Part of the debate – in the Scottish Parliament on 6th December 2018.
Before we move on, let me dwell on the latest statistics for a moment, because I hope that members across the chamber will want to welcome them.
The statistics that have been issued by UCAS this morning show that the gap in getting places at university between those from the richest and those from the poorest backgrounds is now the smallest on record, and that it has been closing for the past three consecutive years.
On the wider question, the way in which Liz Smith characterises the situation betrays a misunderstanding of how the Scottish Government’s policy works. A set number of places are funded by the Scottish Government every year for Scotland-domiciled students. That is not a new policy. Those places are ring fenced; they are not subject to competition from students from the rest of the United Kingdom or international students.
The most important point, of course, is that the total number of funded places for Scotland-domiciled students in Scottish universities has increased. It increased in 2018-19 by 715 places over the previous year. Since 2012, there has been an increase of almost 2,500 places, with many of those having been targeted at areas including teacher education and nursing. The latest statistics show that the number of Scotland-domiciled students entering first-year medicine courses at Scottish higher education institutions has also increased.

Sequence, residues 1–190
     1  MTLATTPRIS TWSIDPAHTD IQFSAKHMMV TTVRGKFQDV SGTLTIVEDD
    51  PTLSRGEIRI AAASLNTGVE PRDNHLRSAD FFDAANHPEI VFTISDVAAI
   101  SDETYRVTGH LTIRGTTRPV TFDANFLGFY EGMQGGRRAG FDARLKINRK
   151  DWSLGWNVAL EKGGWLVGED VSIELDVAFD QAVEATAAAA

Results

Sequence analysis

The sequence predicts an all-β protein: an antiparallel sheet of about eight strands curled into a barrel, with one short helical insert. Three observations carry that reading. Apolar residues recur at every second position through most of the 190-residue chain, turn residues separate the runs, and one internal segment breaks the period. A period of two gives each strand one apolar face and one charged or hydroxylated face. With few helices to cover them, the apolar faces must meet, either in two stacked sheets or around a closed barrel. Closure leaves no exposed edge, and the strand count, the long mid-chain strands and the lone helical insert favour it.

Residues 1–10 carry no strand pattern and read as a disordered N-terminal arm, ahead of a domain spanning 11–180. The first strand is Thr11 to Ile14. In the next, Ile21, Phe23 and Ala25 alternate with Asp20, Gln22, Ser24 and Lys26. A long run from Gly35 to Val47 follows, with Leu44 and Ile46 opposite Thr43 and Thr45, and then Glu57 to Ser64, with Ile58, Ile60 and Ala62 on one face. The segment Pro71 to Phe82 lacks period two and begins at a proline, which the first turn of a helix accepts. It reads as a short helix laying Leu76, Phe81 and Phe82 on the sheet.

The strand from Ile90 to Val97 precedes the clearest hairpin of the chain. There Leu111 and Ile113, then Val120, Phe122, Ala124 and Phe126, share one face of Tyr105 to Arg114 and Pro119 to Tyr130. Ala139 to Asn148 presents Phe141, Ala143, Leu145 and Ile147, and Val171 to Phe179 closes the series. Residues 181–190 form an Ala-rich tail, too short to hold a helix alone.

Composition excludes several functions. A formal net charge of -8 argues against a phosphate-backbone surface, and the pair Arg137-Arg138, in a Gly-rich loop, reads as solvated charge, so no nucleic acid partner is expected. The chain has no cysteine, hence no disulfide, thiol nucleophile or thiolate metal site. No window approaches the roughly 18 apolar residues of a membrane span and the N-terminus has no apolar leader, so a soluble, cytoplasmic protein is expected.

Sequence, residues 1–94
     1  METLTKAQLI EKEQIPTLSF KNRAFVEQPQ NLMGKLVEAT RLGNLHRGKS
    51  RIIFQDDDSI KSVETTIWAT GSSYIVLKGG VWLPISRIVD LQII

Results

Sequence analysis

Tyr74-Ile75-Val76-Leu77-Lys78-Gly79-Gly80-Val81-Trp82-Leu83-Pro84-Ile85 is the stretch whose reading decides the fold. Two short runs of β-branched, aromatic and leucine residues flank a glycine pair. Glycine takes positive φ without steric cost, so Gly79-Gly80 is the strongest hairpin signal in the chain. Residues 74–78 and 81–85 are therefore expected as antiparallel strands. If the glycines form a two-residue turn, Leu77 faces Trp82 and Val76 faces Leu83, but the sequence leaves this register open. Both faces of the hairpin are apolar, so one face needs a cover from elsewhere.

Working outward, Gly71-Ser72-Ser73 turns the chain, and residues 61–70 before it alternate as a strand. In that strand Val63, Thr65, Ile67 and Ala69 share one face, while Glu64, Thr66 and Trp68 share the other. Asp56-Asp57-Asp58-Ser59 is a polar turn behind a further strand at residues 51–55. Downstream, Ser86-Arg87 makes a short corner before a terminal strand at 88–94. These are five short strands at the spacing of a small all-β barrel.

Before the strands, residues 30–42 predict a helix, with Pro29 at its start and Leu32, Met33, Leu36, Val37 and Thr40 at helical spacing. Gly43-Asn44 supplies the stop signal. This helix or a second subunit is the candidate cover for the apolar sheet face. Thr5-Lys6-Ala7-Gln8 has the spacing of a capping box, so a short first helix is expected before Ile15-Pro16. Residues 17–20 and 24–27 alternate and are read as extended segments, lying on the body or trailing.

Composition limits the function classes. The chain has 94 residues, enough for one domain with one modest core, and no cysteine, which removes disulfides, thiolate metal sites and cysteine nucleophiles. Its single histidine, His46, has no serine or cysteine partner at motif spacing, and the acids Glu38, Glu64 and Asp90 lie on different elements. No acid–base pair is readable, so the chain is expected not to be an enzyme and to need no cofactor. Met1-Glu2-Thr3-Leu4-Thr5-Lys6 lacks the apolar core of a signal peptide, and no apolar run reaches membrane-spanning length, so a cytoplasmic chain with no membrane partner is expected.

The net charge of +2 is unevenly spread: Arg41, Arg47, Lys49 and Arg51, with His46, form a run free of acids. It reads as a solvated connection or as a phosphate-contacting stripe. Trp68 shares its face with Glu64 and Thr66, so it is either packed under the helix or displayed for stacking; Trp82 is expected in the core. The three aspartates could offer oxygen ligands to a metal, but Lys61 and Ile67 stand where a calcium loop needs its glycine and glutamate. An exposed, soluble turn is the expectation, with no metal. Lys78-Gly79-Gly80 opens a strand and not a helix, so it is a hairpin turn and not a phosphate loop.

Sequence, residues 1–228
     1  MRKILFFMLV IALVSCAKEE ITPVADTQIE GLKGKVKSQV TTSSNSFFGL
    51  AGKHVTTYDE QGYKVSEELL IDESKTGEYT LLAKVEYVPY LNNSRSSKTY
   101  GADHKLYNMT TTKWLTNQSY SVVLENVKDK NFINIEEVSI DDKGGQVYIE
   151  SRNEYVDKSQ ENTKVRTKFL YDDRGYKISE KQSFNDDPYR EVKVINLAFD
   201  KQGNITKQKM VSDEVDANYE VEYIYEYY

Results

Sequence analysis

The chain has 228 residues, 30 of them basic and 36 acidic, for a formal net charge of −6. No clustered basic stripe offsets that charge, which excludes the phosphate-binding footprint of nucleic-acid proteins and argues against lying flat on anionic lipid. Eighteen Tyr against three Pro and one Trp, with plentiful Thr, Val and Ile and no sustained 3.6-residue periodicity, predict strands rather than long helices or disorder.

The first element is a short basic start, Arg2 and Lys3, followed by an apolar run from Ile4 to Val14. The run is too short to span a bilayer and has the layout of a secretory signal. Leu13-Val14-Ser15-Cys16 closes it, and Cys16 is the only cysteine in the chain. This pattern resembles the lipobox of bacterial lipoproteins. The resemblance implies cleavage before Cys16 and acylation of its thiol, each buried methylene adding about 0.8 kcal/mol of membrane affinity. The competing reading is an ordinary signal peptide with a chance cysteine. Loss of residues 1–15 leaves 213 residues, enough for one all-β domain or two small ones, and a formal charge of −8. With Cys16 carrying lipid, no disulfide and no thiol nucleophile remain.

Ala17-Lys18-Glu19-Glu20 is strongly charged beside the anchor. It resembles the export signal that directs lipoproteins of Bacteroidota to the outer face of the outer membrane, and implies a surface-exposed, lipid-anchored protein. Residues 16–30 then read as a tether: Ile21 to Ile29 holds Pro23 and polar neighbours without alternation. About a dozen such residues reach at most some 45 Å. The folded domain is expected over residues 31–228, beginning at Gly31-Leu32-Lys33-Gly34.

Of course, resources are always finite: going back to our earlier discussions, I note that they will be even more finite if we follow the Tories’ tax policies. We will continue to take decisions that support record numbers of Scottish young people getting to university.
The final point that I will make is that I suspect that shortages right now of skilled workers in key sectors of the economy have a lot more to do with the Tories’ Brexit policy than with anything else.